I have a feeling there's something else I meant to mention here and forgot about.** But this is long enough, don't you think? I reserve the right to add whatever I forgot tomorrow morning, after I've spent the night talking to my bed linen(s) again. Pillows must wait for another post--not necessarily the next one. I might wait for insomnia to start leaving me alone, so that the topic will not seem so cruel.
Before I go, some Other Business:
- For the Olympic season, I wrote a little piece for Emphasis Writing's e-bulletin on '10 Differences between US and UK English'. (Many of the topics I discuss there can be found elsewhere, in more detail, on this blog too.)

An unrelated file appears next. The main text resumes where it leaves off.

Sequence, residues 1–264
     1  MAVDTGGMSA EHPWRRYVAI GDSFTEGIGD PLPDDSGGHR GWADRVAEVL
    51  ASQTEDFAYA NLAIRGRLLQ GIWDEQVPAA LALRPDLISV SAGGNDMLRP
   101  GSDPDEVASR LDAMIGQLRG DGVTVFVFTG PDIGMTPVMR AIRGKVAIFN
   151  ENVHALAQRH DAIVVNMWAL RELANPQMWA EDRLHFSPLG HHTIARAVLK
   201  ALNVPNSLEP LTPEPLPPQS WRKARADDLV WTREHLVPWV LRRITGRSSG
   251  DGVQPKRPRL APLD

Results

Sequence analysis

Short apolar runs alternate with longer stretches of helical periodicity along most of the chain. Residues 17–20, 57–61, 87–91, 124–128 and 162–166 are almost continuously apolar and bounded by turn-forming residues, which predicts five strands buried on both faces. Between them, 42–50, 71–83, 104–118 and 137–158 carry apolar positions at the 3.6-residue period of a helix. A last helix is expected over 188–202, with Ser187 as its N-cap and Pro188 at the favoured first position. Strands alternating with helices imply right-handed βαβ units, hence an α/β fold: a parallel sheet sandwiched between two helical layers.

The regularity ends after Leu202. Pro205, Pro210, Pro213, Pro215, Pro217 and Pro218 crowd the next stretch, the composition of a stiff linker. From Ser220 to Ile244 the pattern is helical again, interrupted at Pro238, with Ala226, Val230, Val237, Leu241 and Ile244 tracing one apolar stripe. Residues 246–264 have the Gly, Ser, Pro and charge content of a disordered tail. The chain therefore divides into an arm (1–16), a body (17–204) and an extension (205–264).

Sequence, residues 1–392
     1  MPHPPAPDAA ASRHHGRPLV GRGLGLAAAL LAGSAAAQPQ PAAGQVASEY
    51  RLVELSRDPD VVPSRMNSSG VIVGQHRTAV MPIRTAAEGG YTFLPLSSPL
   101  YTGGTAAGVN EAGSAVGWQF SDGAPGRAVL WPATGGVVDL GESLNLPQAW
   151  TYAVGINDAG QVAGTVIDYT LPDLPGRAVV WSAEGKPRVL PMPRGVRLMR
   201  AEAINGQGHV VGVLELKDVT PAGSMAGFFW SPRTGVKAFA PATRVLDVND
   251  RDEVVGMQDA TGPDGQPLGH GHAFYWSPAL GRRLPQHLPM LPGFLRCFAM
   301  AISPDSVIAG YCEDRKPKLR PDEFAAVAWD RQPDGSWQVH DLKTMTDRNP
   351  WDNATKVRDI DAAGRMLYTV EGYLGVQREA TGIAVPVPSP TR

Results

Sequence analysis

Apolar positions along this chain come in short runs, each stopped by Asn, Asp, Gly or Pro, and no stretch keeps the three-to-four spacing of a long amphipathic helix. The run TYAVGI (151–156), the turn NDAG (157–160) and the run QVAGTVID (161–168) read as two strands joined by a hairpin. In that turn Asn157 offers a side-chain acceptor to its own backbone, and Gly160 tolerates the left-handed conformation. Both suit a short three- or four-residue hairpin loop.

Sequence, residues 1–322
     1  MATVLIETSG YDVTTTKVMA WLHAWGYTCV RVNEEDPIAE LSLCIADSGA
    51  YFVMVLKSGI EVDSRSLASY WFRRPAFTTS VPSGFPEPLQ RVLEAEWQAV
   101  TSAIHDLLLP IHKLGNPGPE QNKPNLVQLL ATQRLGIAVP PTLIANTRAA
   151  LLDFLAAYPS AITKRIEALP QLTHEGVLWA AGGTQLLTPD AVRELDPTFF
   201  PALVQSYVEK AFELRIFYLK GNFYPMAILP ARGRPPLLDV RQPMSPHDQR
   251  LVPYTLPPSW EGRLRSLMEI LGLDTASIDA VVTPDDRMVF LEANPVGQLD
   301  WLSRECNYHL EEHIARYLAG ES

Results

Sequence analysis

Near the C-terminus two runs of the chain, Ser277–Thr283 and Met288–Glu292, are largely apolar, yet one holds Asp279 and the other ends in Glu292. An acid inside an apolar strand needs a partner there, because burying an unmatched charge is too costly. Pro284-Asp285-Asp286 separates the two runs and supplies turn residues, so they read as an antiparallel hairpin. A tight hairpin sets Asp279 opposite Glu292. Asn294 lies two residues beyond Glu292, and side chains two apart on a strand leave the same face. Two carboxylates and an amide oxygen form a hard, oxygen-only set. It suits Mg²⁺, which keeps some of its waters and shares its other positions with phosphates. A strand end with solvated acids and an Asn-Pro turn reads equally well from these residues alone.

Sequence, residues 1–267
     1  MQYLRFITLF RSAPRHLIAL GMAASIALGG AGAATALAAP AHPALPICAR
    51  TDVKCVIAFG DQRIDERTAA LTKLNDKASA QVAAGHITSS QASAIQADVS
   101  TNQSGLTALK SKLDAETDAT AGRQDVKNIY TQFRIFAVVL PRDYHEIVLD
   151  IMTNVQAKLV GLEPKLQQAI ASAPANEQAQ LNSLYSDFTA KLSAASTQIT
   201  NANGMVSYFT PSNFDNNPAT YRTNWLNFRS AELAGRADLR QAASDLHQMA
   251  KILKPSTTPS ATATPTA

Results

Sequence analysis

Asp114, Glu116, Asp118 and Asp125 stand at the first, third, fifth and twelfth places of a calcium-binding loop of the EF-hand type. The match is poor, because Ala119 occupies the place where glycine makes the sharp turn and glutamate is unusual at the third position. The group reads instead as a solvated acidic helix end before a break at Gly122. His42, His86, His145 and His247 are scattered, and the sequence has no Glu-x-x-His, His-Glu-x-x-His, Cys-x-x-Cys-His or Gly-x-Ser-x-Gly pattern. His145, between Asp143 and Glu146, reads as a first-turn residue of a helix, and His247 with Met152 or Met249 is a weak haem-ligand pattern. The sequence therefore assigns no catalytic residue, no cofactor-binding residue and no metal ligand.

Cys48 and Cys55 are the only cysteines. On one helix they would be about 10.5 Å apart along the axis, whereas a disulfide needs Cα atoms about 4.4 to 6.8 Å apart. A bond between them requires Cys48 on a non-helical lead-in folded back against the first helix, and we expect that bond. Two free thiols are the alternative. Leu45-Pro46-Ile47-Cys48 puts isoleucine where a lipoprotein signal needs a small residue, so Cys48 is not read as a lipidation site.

- I'm speaking at BrightonSEO Conference on 14 September. That's SEO, as in Search Engine Optimization, which I know approximately nothing about, but they seem like a fun bunch to subject to my rants. I'm afraid it's fully booked, but if you have any funny US/UK search engine tales you want to share with me, feel free to email me--I love new material!
- I'm also taking my How Americans Saved the English Language talk to a new audience on 9 October: Brighton Skeptics [sic!] in the Pub. If you're in the area and haven't already heard all those jokes, then do join us at the Caroline of Brunswick, 8pm.
* I failed. This is being posted 10 days after I returned to the UK.
** (Postscript) The things I forgot and many more are discussed in the comments--some good ones there, have/take a look.